Your Marketing Can Work Harder Than You Can
I started Vanity Projects the first day I moved to Melbourne from Perth.
Back then, I was calling my business "Instagram for Architects" because I figured that most of the architects I knew took Instagram, something I knew a lot about, quite seriously.
I was charging $65 per month to help grow and manage Instagram accounts for small architecture firms.
I had three clients, and all three were mates I met in coworking spaces.
I took my laptop to the State Library, and sat there all day, every day, working my ass off to get clients.
The problem was that absolutely nobody knew who I was. Put my name into Google and all you got was a Guitarist from Manchester.
I had 0 followers on social media, no blog posts, nothing.
I decided to start sending cold email to complete strangers. If you're an Australian architect, search your inbox/spam folder for "Dave from Instagram for Architects" - because I'll be in there. I'm sorry about that.
Every weekday was spent researching leads, writing 20-40 emails per day, and turning at least five of those into calls with qualified leads (yes, cold email actually works if you know what you're doing. Still, I am sorry.).
I signed up 16 paying clients in the first month in Melbourne, and 12 the next month.
It worked, but I was exhausted. Even worse, I actually had clients to do work for. I couldn't spend all day writing cold emails. Marketing that way was totally unsustainable.
So I hired help. I recruited a virtual assistant to help me send emails - but they didn't work.
It turned out that my emails and research worked better because I knew my customers, and my V.A. didn't.
Lesson learned: It's really hard to outsource marketing.
I had to do it myself.
That was frustrating, because it meant that my business was only growing when I was there doing something.
If I had a bad day, or had to focus on work for my paying clients - it would all grind to a halt.
When you focus your energies on marketing, you get results.
When your focus shifts to something else, your phone stops ringing.
How can architecture practices move away from that to a more consistent lead-generation strategy that doesn't distract us from our day to day work?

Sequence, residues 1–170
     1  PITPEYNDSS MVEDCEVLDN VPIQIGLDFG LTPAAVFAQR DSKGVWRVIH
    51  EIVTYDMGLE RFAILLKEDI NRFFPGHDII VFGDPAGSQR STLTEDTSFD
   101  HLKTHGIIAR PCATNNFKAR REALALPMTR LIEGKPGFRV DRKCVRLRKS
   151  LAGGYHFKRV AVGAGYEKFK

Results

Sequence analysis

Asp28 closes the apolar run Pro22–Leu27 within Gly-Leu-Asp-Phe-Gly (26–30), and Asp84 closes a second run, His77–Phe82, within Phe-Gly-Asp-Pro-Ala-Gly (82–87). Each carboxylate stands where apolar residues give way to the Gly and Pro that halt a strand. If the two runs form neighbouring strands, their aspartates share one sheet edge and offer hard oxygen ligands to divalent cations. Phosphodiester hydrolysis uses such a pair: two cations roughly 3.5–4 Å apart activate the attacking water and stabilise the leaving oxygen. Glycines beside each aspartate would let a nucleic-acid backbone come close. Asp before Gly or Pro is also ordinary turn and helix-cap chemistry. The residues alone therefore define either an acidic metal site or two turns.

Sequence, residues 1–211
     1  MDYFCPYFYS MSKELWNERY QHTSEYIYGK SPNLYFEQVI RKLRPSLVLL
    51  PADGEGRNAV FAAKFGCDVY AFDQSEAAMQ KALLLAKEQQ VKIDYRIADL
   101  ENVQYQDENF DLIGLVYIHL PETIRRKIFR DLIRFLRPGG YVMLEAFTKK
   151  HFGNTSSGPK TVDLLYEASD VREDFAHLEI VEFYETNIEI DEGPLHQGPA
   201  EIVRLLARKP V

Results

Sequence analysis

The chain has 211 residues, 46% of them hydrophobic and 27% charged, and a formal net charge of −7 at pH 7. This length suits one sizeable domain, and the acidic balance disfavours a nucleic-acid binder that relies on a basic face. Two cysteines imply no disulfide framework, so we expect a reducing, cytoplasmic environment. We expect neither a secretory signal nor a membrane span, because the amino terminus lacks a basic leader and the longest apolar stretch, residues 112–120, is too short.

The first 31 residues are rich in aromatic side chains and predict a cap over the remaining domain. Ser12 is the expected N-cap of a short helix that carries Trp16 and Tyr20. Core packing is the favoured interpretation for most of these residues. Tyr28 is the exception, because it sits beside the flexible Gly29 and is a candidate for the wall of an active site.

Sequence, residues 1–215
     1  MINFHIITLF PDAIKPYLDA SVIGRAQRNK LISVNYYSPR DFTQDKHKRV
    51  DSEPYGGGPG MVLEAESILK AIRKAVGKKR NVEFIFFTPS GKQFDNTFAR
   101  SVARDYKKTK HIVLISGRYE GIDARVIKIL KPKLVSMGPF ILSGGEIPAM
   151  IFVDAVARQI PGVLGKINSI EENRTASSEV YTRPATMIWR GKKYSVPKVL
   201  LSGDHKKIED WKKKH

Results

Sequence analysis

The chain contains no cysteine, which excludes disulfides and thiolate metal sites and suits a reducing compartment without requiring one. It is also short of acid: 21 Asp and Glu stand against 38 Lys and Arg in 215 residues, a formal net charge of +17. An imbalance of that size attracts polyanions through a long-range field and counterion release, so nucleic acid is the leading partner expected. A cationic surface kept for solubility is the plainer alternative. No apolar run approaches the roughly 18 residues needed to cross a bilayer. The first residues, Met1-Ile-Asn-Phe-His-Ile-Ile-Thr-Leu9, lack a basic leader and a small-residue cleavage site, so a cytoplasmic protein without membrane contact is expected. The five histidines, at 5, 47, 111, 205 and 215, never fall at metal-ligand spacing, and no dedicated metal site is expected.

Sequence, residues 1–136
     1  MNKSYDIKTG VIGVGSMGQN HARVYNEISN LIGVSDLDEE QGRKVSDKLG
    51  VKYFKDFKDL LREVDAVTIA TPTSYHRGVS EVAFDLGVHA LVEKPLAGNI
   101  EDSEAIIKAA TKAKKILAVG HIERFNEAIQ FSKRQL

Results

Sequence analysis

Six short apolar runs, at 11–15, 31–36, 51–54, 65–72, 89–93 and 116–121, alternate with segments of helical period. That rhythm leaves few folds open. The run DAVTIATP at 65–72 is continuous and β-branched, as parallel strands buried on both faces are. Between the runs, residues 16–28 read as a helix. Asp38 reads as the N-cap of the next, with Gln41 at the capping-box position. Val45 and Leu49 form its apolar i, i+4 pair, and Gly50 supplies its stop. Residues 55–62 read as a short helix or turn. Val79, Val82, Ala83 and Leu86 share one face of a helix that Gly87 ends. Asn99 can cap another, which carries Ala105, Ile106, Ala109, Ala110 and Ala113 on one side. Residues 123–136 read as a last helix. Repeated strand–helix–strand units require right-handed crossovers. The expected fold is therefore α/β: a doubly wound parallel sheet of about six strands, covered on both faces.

The answer is content marketing. Put simply, write, or make videos. Or both.
Content marketing works. Just ask Voldemort.
To explain what it feels like to have content out in the world, I point you to the master of duplication: Lord Voldemort.
In the Harry Potter series, Voldemort places fragments of his soul into hidden objects: helping him to attain immortality.
Content marketing works the same way.
You're taking copies of yourself and spreading them across the internet in the form of writing and videos.
Those copies will talk to your prospects, on your behalf. It will educate them, make them smarter, make them happier, inspire them and prove to them that you know how to solve their problems.
Meanwhile you, the original Dark Lord, will be busy doing work that matters (like killing Harry Potter!).
Architects are smart people. We have an immensely broad knowledge base, a knack for solving problems, loads of intellectual property, ideas and insights. But, one of our biggest shortcomings is that we keep all of this knowledge trapped inside our firm. Or more specifically, in our own heads.
"Once I get someone sitting down with me, I'm usually very successful at turning them into a client"
I hear that so often from Architects, it's crazy. We don't see ourselves as salespeople, but in a lot of ways, we're the best salespeople. We want to help people.
The things we say, on the phone, over a coffee, or in a meeting room are clearly having a big impact on the people we're hoping to serve.
Please, architects, take some of that information, those things you tell your clients, and find a way to copy it so that people can find it online.
If you do, your videos, podcasts or articles will become an army of tireless employees, working much harder than you do.
Mine have already overtaken me.
My architecture marketing blog gets 3000 readers per month on average, my podcast gets about 1000 downloads per month and my Linkedin videos get 5000-10000 views per month.
Sure, there are bloggers, youtubers and podcasters who get 100x more traffic - but my content isn't for everybody, just architects looking for marketing ideas.
This growing pile of content will generate about the same number of views next month, and the month after that.
I'll add a couple of new posts, a video or two and possibly a podcast. And I'll do that every month.
It's just compound interest. Add to the principal each month and time becomes your friend.
These views turn into leads, which turn into paying clients.
I stopped doing outbound marketing (cold email) two years ago. Every client that I have picked up since has come from my content.
They're better clients too. I'm not a stranger to them. I don't have to "sell" them or convince them that they should work with me.
They've read a lot of my stuff. They know what I do, and how I think.
They know that my clients read my blog and watch my videos too, so the things I say here are the same things I tell my clients. That builds trust.
The snowball effect has really stunned me. If you're just getting started writing, video or podcasting for your firm - don't be discouraged by the small size of the ball right now.
It will start outworking you very quickly.
People Don't Follow Brands, They Follow People
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Now go talk about it.
Writing quality articles is hard. Getting traffic is even harder. If you shared this to your professional network, thank you so much!